U.S. Marine Corps F-35B Crashes and KC-130J Crash Lands After Mid-Air Collision During Air-to-air Refueling

U.S. Marine Corps F-35B Crashes and KC-130J Crash Lands After Mid-Air Collision During Air-to-air Refueling
A U.S. Marine Corps KC-130 flies with two F-35B Lightning II Joint Strike Fighters over Beaufort, S.C., on March 19, 2015. (U.S. Marine Corps photo by Lance Cpl. Olivia G. Ortiz/Released)

on Sept. 29, 2020, at approximately 16.00LT a U.S. Marine Corps Lockheed Martin F-35B Lightning II, callsign VOLT 93 made contact with a Lockheed KC-130J Hercules (166765) callsign RAIDER 50 during air-to-air refueling. The F-35B pilot successfully ejected and the aircraft crashed. The KC-130J made a forced gear-up landing in a carrot field near Thermal, California.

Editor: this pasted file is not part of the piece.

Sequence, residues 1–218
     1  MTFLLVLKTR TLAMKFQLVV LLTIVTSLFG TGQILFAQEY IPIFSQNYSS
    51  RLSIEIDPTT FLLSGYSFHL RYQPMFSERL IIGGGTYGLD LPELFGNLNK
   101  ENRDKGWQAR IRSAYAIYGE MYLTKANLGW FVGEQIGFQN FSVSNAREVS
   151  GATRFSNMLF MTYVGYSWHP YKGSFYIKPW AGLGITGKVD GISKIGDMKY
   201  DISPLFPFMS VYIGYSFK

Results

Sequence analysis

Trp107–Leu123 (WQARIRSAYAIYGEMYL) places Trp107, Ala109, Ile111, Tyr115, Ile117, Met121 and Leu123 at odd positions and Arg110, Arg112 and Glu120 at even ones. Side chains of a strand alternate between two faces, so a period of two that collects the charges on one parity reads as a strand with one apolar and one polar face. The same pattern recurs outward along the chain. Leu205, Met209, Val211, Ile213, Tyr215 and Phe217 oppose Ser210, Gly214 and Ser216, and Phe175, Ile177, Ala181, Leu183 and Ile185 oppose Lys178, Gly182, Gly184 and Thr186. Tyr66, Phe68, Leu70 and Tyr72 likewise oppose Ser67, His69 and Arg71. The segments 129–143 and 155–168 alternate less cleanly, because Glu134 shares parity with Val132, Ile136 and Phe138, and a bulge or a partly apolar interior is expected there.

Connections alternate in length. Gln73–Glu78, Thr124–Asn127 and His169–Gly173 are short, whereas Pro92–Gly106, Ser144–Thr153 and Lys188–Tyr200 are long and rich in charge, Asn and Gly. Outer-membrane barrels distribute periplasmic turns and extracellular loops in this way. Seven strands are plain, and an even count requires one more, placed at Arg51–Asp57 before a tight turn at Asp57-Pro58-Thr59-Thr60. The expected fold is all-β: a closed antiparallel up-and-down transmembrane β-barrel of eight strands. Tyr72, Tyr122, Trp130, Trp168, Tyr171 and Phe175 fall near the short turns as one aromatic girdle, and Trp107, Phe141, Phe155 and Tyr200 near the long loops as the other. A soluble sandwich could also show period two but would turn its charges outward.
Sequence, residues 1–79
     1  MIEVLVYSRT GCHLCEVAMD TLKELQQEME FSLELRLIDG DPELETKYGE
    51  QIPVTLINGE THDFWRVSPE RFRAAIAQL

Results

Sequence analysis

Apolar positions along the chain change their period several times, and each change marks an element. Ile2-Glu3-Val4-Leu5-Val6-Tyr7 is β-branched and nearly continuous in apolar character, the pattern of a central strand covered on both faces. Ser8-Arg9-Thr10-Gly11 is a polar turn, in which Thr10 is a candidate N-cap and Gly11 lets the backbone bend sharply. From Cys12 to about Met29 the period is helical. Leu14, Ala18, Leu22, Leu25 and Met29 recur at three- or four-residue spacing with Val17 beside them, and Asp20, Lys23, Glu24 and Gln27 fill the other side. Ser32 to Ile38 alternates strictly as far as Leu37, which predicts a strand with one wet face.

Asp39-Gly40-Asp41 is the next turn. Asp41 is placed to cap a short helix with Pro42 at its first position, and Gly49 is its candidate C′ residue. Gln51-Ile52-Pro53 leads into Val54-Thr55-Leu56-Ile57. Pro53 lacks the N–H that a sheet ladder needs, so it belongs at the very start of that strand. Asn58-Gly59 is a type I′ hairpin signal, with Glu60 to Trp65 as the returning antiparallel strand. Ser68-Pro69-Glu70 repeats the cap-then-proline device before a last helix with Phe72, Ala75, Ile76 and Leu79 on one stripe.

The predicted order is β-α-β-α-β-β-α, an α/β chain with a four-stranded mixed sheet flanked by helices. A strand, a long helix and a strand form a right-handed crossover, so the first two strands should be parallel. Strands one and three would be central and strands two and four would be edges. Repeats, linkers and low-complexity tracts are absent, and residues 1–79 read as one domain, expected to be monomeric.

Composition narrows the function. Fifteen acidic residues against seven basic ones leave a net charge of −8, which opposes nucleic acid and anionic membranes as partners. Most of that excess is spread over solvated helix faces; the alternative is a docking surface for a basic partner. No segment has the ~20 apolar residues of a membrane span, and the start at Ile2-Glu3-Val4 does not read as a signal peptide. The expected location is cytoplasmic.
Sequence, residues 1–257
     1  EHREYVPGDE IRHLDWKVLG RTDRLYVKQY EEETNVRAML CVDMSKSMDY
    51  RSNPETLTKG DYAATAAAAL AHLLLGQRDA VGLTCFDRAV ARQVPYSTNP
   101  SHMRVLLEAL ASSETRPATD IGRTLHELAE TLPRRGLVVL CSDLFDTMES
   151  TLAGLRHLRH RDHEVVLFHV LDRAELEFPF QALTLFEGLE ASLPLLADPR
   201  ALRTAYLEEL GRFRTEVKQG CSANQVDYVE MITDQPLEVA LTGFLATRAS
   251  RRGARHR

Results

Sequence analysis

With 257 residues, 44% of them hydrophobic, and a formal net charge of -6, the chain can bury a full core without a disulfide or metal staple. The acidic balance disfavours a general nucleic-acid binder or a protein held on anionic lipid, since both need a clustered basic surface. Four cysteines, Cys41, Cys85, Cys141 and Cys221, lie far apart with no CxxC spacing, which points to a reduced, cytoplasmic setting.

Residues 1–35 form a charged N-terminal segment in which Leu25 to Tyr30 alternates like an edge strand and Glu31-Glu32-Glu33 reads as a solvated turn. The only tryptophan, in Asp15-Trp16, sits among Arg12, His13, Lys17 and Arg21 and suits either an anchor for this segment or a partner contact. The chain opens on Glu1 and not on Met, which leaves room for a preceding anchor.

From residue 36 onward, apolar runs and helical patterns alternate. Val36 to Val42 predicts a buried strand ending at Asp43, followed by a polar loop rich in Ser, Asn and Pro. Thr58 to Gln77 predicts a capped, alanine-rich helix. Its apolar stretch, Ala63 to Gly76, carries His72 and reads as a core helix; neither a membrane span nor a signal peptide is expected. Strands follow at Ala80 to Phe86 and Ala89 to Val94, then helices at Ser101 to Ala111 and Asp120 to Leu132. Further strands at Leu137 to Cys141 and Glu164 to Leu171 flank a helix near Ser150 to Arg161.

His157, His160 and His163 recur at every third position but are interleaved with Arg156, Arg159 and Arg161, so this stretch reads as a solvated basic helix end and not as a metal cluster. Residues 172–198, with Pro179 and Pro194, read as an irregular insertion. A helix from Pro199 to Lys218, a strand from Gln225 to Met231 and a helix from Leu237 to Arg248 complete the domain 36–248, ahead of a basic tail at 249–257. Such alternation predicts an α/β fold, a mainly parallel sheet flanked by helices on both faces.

The pilot of the STOVL (Short Take-Off Vertical Landing) variant of the Lightning II jet ejected safely and, according to the USMC, is being treated. All the KC-130J crew members have been reported safe.

The KC-130J was attached to the Marine Aerial Refueler Transport Squadron 352 (VMGR-352) out of MCAS Miramar, California.

Photos of the aircraft show substantial damage to the no. 3 and 4 engines; all propeller blades had separated. The refueling pod mounted between engines no.3 and 4 had separated.

The accident’s cause is under investigation.

The incident comes nearly two years after a similar but fatal incident involving Marine aviators off the coast of Japan.

Five crew members of a KC-130J tanker and the pilot of an F/A-18 Hornet died during the nighttime training mission on Dec. 6, 2018. The Hornet collided with the Super Hercules during a refueling operation.

The Hornet’s weapons officer was the sole survivor. Both aircraft were based at Marine Corps Air Station Iwakuni.

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